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Posted in Environment, Charity Jobs

Working For: Friends of the Earth

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The phrase “charity worker” may seem like an oxymoron but many people choose to pursue a career within charitable organisations. We caught up with Debbie O’Dowd, one of the Direct Marketing team at Friends of the Earth, to talk about cow costumes, cake  and campaigning…

What took you to Friends of the Earth? Was it the cause that led you to work there, or was it “just a job”?
It was mostly cause-led but I was also intrigued by the organisation. I’d seen some coverage of Friends of the Earth’s media actions in the newspaper and was really impressed at the creative way they communicated messages.  It looked like a fun place to work.

What’s the biggest project you have on at the moment?
It’s all about energy – where we get it from, how we use it and what needs to change. We’re at a crossroads and the decisions the Government makes now regarding its investment in energy sources will resonate for decades to come.

Have you ever been caught up in some of the stranger Friends of the Earth campaign stunts?
One of the best days I’ve had here was spent dressed up as a cow, driving through the centre of London on an open top bus, dancing my socks off and waving a banner. We were filming a video to promote planet-friendly farming and rainforest-free food. I’ve never laughed so much at work before.

What's the weirdest thing you've seen at work?
A while ago I walked up to the roof terrace and my colleague Dan was cleaning an inflatable white elephant three times my size and it seemed perfectly fine. It made its debut in front of Parliament a few days later at a nuclear power campaign.

Been to any cool events?
One of the perks of the job is that I get to go to quite a few festivals during the summer. We were at Hop Farm this year and saw Prince play live. You can’t get much cooler than that!

Who are Friends of the Earth's celebrity patrons?
We’ve had some great celebrity support over the years. The one that springs to mind first is Thom Yorke, who travelled to Copenhagen for the UN climate talks in 2009 to act as a Friends of the Earth spokesperson. As the front man of Radiohead he was certainly the right person to make some noise.

Have you ever met anyone famous as part of your work?
I once saw the back of Colin Firth’s head at a gala event. Does that count? To be honest, I’ve not had that many celebrity encounters but I have met a lot of interesting people along the way. My first job was at Survival International, a human rights charity that works with tribal people. We regularly had visitors from indigenous communities around the world and to save money we’d put them up in our own homes. My flatmates were quite bemused when I brought back a Bushman from Botswana to sleep on the sofa. I’ll always remember that evening because he explained – in detail – the best way to kill a giraffe. It could save my life one day...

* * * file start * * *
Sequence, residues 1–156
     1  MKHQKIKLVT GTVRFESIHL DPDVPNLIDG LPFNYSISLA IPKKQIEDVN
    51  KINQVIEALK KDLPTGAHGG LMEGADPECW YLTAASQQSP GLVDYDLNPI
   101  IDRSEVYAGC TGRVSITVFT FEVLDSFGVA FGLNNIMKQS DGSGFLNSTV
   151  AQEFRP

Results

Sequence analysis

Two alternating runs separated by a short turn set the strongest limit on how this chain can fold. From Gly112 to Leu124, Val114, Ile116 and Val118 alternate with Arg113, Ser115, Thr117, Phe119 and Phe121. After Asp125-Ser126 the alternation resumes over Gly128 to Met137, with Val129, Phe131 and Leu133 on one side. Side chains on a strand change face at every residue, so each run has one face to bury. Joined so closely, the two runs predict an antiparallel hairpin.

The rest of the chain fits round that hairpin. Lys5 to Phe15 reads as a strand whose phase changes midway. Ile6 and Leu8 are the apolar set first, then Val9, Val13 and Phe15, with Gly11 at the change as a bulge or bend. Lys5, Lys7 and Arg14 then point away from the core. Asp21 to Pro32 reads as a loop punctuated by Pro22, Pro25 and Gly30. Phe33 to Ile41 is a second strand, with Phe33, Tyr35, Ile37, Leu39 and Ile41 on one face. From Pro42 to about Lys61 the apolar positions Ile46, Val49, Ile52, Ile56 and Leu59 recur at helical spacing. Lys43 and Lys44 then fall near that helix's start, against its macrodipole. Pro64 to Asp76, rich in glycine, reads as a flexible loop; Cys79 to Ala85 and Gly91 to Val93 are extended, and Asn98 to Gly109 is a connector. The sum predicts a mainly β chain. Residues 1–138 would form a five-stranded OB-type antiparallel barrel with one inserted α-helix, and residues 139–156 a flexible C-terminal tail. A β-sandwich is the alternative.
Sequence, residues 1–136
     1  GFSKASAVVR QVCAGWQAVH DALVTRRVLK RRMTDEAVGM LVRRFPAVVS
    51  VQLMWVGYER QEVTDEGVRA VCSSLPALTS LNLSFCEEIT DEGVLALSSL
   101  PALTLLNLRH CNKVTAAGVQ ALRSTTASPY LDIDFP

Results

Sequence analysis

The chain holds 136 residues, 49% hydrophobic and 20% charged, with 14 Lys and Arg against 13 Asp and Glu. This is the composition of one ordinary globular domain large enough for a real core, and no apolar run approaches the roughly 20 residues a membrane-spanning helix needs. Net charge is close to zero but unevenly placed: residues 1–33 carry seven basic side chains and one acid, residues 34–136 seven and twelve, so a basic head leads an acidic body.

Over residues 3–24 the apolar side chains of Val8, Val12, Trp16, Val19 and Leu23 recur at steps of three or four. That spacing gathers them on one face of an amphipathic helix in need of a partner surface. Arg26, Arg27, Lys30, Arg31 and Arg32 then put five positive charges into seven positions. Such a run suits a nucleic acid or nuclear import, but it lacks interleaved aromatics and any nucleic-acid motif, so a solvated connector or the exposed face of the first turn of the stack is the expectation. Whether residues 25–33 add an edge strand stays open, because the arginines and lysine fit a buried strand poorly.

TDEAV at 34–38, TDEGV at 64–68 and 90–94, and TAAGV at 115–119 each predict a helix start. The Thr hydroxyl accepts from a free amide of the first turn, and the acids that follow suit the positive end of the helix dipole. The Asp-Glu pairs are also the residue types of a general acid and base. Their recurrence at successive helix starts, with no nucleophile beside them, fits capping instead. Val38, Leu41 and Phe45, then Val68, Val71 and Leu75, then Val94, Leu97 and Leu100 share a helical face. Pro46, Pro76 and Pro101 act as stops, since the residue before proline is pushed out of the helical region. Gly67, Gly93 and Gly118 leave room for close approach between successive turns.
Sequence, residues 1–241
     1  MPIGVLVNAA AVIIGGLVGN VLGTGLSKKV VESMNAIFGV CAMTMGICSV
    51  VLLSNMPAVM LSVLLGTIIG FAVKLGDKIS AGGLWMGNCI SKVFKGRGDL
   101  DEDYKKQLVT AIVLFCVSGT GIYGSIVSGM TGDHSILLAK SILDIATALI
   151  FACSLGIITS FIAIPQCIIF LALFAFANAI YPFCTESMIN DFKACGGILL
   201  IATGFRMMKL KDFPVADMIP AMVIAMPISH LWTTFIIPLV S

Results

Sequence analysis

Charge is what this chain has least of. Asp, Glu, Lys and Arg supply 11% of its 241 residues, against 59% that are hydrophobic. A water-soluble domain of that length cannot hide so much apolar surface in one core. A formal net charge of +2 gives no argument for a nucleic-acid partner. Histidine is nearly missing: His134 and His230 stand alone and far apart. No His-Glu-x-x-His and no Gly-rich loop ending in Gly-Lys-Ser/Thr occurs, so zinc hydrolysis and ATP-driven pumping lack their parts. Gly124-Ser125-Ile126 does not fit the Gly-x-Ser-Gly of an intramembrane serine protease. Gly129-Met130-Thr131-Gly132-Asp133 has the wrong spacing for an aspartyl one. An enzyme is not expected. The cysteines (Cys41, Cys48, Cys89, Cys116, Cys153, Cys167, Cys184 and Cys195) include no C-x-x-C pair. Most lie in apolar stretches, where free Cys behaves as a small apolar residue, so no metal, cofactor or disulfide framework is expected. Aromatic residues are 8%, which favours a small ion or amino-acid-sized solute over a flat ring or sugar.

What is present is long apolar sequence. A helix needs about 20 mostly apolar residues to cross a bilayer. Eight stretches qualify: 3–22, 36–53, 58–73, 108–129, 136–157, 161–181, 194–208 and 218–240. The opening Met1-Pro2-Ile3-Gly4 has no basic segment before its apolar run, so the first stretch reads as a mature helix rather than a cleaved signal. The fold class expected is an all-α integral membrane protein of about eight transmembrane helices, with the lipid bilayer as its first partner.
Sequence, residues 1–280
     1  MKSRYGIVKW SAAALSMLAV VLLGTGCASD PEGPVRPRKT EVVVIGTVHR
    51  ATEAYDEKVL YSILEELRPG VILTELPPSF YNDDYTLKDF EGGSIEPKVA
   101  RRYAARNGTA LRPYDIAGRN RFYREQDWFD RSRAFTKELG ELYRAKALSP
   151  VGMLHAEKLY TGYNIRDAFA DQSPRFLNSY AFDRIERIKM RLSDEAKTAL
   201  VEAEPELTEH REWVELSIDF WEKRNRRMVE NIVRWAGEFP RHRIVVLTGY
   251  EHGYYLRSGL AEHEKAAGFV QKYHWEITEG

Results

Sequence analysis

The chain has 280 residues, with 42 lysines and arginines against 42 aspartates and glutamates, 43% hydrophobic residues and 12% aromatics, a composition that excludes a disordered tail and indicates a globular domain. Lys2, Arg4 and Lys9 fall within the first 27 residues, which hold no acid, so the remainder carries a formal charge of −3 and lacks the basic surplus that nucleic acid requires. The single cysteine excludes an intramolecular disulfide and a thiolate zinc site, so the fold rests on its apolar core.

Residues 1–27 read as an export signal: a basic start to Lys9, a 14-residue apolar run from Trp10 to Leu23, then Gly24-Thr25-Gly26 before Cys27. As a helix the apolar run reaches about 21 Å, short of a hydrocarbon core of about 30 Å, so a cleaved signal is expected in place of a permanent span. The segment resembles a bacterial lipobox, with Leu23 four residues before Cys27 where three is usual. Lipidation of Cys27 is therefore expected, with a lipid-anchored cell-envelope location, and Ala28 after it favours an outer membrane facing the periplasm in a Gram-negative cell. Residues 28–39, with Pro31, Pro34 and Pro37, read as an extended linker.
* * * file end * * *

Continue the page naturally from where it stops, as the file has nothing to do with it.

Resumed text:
How do you get on with Greenpeace? People seem to think you’re similar even though you both use completely different methods to get things done. Do you compete or collaborate?
We don’t compete, we complement each other. Organisations grow to develop their own styles of campaigning and become experts in using different avenues to achieve results. It’s not uncommon to meet someone who supports both Friends of the Earth and Greenpeace because they have different attributes even though they share the same overarching objectives. On some campaigns we do work together to leverage all our strength, but at other times we work on our own campaigns to cover a greater distance.

People have this perception of environmental charities being full of hippies  talking about growing their own food, but that can’t be the case. How does working in a charity office environment actually differ from a “normal” one?
It doesn’t. Charities these days are highly professional and I’m surrounded by skilled experts who make me proud to be part of Friends of the Earth. Like any business or government, we understand what works – whether that’s in marketing, lobbying or governance structures. That said, the ethical ethos of the charity permeates everything. The way we behave towards our supporters, stakeholders, everyone, reflects the values of the charity. And I’d like to point out that the whole time I’ve worked at Friends of the Earth, I’ve never witnessed a single tree-hugging incident. Although there is a lot of homemade organic cake.

You can find out more about working for Friends of the Earth on their website.

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